War: February 2005 Archives

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drawing from a pre-school Chechynan child


To Chechnya with art, with deep concern, and love too.

A number of artists from around the world have organized what they are calling the "EMERGENCY BIENNALE in CHECHNYA."

The extraordinary occasion, a work of conceptional art itself, will be inaugurated tomorrow, February 23, at 5 pm with a press conference at le Palais de Tokyo in Paris. Thereafter a suitcase filled with works, projects and concepts by more than 60 artists from all over the world will "hit the road," to be delivered in Grozny to a location yet to be finalized. The project is co-curated by Evelyne Jouanno and the artist Jota Castro with the support of the International Federation of Human Rights Leagues (FIDH).

Duplicates of the works and documentation packed in the suitcase sent to Chechnya will be displayed in Paris until April 23.

All kinds of information on Chechnya will also be presented [in le Palais de Tokyo]. Mylene Sauloy's and Manon Loizeau's films on daily life and culture of Chechens since the beginning of the first war in 1994 will be screened.

In addition, an internet post with webcam and direct access to the website created for the occasion - http://www.emergencybiennale.org - will do its utmost to connect with Chechen partners, to receive images and information on the suitcase and the organization of the exhibition in Grozny. A discussion forum will also offer an opportunity to react and exchange on the subject across and beyond all borders.

A publication is in preparation. It will comprise texts on the situation of human rights, some theoretical articles on art, political and social sciences as well as images of the various artistic projects.


[tip from e-Flux, image from sauseschritt, where it was accompanied by the text I've copied below]


terror und gegenterror in tschetschenien: aus einem 2002 veröffentlichten bericht (der russischen föderation und der republik chechnya) über die lage des Bildungswesens in tschetschenien stammen folgendes zitat und die kinderzeichnungen:
pre-school children were born and lived during war and continue to live in war affected situation. the psychological condition of children could be described by words and expressions like terror, reserved disposition, cautiousness in behavior with other adults, insufficient level of development of native speech, poor imagination, absence of variety of emotions ...

[my] English translation of the German above:

terror and counterterror in Chechnya: these drawings and the following quotation comes from an official report (of the Russian Federation and the Republic of Chechnya) published in 2002 on conditions within the Chechnyan education system:

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a girl holds a poster reading 'Seriously damages human rights' during an anti-Bush demonstration in front of the US Embassy in Brussels today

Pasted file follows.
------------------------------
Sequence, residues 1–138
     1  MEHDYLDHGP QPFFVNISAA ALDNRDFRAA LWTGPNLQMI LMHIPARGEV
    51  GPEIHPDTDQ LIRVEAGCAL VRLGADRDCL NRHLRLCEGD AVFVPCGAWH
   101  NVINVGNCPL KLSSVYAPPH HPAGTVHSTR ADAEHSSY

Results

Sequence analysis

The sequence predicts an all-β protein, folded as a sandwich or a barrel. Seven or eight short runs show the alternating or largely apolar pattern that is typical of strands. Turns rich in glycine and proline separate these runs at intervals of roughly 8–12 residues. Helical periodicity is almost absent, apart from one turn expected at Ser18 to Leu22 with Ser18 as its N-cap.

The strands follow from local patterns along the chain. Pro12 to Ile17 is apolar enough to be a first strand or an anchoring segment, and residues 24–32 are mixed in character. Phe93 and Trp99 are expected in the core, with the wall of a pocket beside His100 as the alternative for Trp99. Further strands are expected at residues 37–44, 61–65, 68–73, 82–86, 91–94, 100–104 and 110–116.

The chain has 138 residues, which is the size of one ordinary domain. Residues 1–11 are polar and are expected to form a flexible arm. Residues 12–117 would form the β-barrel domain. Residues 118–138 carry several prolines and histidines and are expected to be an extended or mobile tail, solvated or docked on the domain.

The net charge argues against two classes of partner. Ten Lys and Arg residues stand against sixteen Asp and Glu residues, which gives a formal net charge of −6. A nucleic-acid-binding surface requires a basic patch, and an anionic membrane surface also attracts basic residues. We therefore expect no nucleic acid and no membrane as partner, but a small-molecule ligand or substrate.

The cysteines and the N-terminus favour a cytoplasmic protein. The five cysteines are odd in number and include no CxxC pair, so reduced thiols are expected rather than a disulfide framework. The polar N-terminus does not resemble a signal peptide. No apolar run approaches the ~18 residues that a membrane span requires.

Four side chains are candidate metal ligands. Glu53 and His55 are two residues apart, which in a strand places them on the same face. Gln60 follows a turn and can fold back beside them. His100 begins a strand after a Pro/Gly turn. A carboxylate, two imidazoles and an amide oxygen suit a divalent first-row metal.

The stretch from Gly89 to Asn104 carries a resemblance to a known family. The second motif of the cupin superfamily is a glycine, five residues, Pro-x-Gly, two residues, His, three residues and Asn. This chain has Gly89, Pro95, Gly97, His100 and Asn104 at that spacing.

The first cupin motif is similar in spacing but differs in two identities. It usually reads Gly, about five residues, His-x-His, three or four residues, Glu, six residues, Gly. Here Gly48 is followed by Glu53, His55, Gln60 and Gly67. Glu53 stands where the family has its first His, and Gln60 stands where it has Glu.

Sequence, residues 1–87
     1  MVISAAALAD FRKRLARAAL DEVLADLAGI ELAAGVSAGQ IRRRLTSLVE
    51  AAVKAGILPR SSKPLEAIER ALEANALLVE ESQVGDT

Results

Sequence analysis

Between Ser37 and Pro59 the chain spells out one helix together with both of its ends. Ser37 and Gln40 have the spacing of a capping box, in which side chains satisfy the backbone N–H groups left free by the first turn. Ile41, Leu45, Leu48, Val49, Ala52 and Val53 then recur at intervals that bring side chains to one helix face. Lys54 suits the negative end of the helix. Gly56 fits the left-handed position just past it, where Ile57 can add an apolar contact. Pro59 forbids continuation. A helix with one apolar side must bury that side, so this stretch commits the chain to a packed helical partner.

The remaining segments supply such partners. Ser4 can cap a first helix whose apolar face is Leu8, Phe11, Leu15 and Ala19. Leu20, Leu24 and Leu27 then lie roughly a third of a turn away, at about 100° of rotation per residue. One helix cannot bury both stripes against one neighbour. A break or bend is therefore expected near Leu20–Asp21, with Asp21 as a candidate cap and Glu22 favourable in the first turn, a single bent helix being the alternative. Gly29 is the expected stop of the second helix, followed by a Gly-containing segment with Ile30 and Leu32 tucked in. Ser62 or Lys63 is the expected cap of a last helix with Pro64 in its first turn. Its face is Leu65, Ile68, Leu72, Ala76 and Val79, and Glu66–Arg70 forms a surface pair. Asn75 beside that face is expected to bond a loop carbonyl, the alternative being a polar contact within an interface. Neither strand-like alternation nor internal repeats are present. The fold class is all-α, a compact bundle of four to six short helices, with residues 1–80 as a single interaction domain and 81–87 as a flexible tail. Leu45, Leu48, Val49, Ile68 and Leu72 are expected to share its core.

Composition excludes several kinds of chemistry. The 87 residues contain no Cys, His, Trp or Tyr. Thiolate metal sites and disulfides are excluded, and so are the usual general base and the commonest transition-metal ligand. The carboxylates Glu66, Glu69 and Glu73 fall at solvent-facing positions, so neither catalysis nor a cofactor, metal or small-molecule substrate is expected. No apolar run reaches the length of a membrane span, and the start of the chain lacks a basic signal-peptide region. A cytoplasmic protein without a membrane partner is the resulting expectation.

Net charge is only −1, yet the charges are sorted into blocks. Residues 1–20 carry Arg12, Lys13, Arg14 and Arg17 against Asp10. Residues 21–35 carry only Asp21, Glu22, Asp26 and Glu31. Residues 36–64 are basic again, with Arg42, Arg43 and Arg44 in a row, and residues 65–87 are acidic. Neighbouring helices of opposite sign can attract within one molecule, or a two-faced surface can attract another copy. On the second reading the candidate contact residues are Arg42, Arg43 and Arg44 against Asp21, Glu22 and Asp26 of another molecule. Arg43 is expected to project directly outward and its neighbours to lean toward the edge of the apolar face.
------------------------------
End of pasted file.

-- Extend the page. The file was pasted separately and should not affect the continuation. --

Of course, like most people outside this country, William Pfaff knows that Bush doesn't really know a damn thing, so in this excellent discussion of the enormous and essential divide between the U.S. and the European world he addresses the myths held by a much larger constituency, the one which has made that little man President - and still likes what it sees.

Why Bush will fail in Europe

The President has an enormous political gulf to bridge. The trouble is, he doesn't even know it's there

William Pfaff
Observer, February 20


[Mr Bush's] trip will fail because he and his administration do not understand what really divides most continental European governments from the US ... Few Europeans believe either in the global "war on terror" or the "war against tyranny," as Washington describes them.

American claims about the threat of terrorism seem grossly exaggerated, and the American reaction disproportionate and even hysterical ... The invasion of Iraq is widely regarded in Europe as irrelevant to the reality of terrorism, overwrought in scale and destruction, and perverse in effect, vastly deepening hostility between the western powers and Muslim society ... Many Europeans believe it is not the world that has changed, but the United States.


[these excerpts from the full article appeared on a Guardian page covering the attitude of the world's press to the purposes of Bush's European visit]

I don't know how I'm going to be able to stay.


[image by Jacques Colett for Agence France Presse Belgium]

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the "politicization" of the gates!


Many thanks to Noah Lyon for giving me the opportunity of pulling together my last two posts about art and politics (and maybe a good many more of these blogs, going back almost three years) with an email to which these photos were attached. The elegant sticker in the pictures is Noah's art, and my caption is taken straight from his message. Of course none of us knows much about the specifics of this particular "politicization" operation.

Incidently, for those who might be disturbed by the negativity of some of their critics, remember that we're still all part of their art, according to Christo and Jeanne-Claude, even when we quibble about or shout at The Gates.* It's such a burden.


* "The work is not only the fabric, the steel poles, and the fence. The art project is right now, here. Everybody here is part of the work. If they want it, if they don’t want it, either way they are a part of the work I believe very strongly that twentieth century art is not a single, individualistic experience." - Christo


[the images from Michael Carreira via Noah Lyon]

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Nina Berman Cpl. Tyson Johnson III, 22, a mechanic with Military Intelligence


The caption next to the photograph of Corporal Tyson reads:


Cpl. Tyson Johnson


22 years old, 205th Military Intelligence Brigade, was
wounded September 20, 2003 in a mortar attack on
Abu Graib Prison. He suffered masssive internal
injuries and is 100 percent disabled.

Photographed May 6, 2004 at his home in Pritchard, Alabama.

"Most of my friends they were losing it out there.
They would do anything to get out of there, do anything.
I had one of my guys, he used to tell me, 'My wife just
had my son. I can't wait to get home and see him." And
you know, he died out there. He sure did, and I have to
think about that everyday.

"I got a bonus in the National Guards for joining the
Army. Now I've got to pay the bonus back and its